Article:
The rate at which work done increases between 𝑑 equals zero and the instant 𝑑 is equal to the gradient of the curve at the instant 𝑑. Recalling the power is equal to dπ‘Š by d𝑑, and differentiating with respect to 𝑑, we have dπ‘Š by d𝑑 is equal to the dot product of 𝐅 and πšπ‘‘. If the force is not constant, it does not produce a constant acceleration. So the instantaneous power 𝑃 can be given by the more general form the dot product of 𝐅 and 𝐯, where vector 𝐯 is the velocity of the body. It is worth noting at this time that a constant force does not result in a constant power.

As well as finding out the instantaneous power supplied by a force, we can also calculate the average power. The average power is equal to the work done divided by the change in time, which is denoted by Δ𝑑. On our work–time graph, the average power is therefore equal to the gradient of the straight line that intersects the value of π‘Š at the initial and final time values of the interval in the graph shown from 𝑑 equals zero to 𝑑 equals five. Before looking at some specific questions, let’s now recall the formulae we will need to use.

Work done is equal to the dot or scalar product of the force and displacement vectors. The power 𝑃 is this expression differentiated with respect to time such that 𝑃 is equal to dπ‘Š by d𝑑. The power can also be calculated by finding the dot product of the force and velocity vectors. If we are given an expression for the work done, we can differentiate to find an expression for the power. And since integration is the opposite of differentiation, work done is the integral of power. Finally, we saw that the average power is equal to the work done divided by the change in time. We will now look at some examples of this.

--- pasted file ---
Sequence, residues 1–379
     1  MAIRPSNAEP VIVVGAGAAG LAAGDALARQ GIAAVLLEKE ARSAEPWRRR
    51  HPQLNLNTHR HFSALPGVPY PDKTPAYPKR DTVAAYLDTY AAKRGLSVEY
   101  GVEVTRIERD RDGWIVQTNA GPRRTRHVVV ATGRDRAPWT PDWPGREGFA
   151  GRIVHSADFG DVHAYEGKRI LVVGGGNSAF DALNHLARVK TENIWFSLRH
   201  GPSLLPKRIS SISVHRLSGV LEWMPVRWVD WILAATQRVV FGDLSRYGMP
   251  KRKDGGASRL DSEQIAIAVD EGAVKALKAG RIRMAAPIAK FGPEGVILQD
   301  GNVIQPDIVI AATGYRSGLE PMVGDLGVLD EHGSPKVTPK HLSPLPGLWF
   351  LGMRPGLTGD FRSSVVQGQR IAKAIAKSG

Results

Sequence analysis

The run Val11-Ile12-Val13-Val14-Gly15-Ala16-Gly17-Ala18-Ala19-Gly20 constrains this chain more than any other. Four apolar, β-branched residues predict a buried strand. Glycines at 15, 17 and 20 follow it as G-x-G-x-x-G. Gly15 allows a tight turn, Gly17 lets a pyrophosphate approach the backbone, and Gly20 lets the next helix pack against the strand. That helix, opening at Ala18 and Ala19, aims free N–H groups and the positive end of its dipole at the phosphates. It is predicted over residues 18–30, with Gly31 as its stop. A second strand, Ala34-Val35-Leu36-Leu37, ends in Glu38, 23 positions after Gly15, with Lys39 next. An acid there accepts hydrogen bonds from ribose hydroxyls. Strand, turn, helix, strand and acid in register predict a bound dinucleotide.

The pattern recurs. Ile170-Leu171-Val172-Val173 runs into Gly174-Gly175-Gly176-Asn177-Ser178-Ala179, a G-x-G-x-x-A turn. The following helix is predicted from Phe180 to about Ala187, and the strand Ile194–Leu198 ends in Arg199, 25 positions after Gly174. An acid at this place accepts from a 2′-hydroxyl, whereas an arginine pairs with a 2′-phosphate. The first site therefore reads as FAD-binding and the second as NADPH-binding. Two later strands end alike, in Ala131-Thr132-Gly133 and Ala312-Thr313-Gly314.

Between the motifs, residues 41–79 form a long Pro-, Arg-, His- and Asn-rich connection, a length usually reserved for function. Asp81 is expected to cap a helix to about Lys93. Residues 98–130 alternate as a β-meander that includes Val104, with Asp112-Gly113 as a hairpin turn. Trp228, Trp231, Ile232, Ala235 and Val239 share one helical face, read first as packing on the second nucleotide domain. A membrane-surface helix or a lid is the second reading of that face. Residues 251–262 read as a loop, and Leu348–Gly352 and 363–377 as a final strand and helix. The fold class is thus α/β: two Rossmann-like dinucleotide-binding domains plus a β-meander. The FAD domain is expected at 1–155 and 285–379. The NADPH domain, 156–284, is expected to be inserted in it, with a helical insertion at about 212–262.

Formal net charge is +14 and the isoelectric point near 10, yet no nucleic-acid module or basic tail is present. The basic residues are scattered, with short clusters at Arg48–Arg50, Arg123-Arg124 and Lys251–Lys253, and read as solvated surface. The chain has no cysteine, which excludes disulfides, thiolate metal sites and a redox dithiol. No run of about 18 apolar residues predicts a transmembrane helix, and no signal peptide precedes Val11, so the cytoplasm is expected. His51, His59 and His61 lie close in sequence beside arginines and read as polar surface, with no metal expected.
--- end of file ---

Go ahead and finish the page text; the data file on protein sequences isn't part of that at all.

The work done by an engine at time 𝑑 is given by the relation π‘Š of 𝑑 is equal to two 𝑑 cubed six 𝑑 joules. Find the power of the engine as a function of time.

We begin by recalling that power is the derivative of work such that 𝑃 is equal to dπ‘Š by d𝑑. In this question, we’re given an expression for the work done π‘Š in terms of time. It is equal to two 𝑑 cubed plus six 𝑑. We can therefore differentiate this function term by term to find a function for the power 𝑃. Recalling that if 𝑦 is equal to π‘Ž multiplied by π‘₯ to the power of 𝑛, then d𝑦 by dπ‘₯ is equal to 𝑛 multiplied by π‘Ž multiplied by π‘₯ to the power of 𝑛 minus one. We can differentiate two 𝑑 cubed to give us six 𝑑 squared as three multiplied by two is six, and we decrease the power by one. Differentiating six 𝑑 simply gives us six as when we decrease the power, we get 𝑑 to the power of zero, which is equal to one. The power of the engine as a function of time is equal to six 𝑑 squared plus six with the standard unit of watts.